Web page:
Now retired, Margaret E.C. Howland excelled professionally as a librarian for more than four decades. At the start of her career, she worked for Combustion Engineering Inc. in Windsor, Connecticut, as librarian from 1957 to 1961. She furthered her career as a law cataloguer with the Connecticut State Library in Hartford in 1961 and progressed to the role of librarian for the Factory Insurance Association in Hartford for one year. Ms. Howland then joined the Travelers Research Center, Inc., as librarian from 1962 to 1968. During Ms. Howland’s employment in Connecticut, she was an active member of the Connecticut Valley chapter of the Special Libraries Association, where she served as president for one year.
Ms. Howland found success as director of the library at Greenfield Community College (GCC) in Massachusetts from 1968 to 1990. While serving in that position, she witnessed the construction of a new library facility and assisted in its development process. She was a member of the Massachusetts Conference of Chief Librarians of Public Higher Educational Institutions (MCCLPHEI) and served as president, vice president, secretary and committee chair. Ms. Howland notes that the highlight of her career was her time as director of the library at GCC.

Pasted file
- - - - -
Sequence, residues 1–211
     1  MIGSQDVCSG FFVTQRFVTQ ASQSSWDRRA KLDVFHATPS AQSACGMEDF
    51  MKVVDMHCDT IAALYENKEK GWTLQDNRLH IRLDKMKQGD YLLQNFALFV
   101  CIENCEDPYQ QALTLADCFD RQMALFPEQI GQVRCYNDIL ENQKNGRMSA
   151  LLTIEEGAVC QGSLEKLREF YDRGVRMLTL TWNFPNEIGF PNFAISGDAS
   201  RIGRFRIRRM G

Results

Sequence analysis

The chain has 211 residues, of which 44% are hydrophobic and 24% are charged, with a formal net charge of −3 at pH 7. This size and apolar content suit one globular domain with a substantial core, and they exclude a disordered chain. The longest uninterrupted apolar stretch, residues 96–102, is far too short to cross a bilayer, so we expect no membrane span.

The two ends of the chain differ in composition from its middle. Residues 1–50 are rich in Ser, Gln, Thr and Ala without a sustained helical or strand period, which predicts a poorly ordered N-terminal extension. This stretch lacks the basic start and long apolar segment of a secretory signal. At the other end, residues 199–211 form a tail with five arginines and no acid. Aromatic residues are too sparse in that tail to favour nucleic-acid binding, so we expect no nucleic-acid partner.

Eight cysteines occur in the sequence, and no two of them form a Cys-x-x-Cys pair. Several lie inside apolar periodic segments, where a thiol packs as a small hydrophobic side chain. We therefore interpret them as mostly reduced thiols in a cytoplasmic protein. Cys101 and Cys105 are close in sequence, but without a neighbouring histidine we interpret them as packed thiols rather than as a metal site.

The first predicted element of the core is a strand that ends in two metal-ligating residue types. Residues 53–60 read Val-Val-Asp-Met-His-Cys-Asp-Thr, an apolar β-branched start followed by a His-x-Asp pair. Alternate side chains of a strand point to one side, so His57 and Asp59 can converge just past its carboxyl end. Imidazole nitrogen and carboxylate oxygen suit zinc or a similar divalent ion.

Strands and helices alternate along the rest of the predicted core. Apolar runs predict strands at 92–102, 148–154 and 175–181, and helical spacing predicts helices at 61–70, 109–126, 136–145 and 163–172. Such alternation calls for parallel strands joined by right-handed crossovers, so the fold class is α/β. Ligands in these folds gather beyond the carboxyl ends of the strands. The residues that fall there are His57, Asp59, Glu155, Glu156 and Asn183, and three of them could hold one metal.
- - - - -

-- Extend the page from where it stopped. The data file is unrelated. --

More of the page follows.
In addition to her primary endeavors, Ms. Howland was curator of the Archibald MacLeish Collection at GCC from 1974 to 2019. A published author, her written works include two volumes dated 1991 and 1993, both titled “Descriptive Catalog of the Archibald MacLeish Collection at Greenfield Community College,” and co-authored “Archibald MacLeish: An Annotated Bibliography.” She also wrote seven more descriptive catalogs to aid in researching the range of 6077 holdings in the collection. Ms. Howland served on the council of the Pucumtuck Valley Memorial Association from 2002 to 2011.
A graduate of Hofstra University in Hempstead, New York, Ms. Howland earned a Bachelor of Arts in 1949. Several years later, she received a Master of Library Science from Southern Connecticut State College in New Haven in 1972. She concluded her academic efforts with a Master of Public Administration in 1979 from the University of Massachusetts Amherst. During her retirement years Ms. Howland participated in historical society activities related to her interest in antiques.
Ms. Howland would say that her upbringing and family had an influence on her career choice, and she became involved in her profession because her mother, Barbara Wood Clapp, was a librarian for a while in East Hampton, Massachusetts. Although her mother did not like being a librarian, she liked it and was a great reader. Her father was an engineer. However, the mentor who motivated and inspired Ms. Howland was her husband, David Frederick Howland, who supported her throughout her career no matter what happened.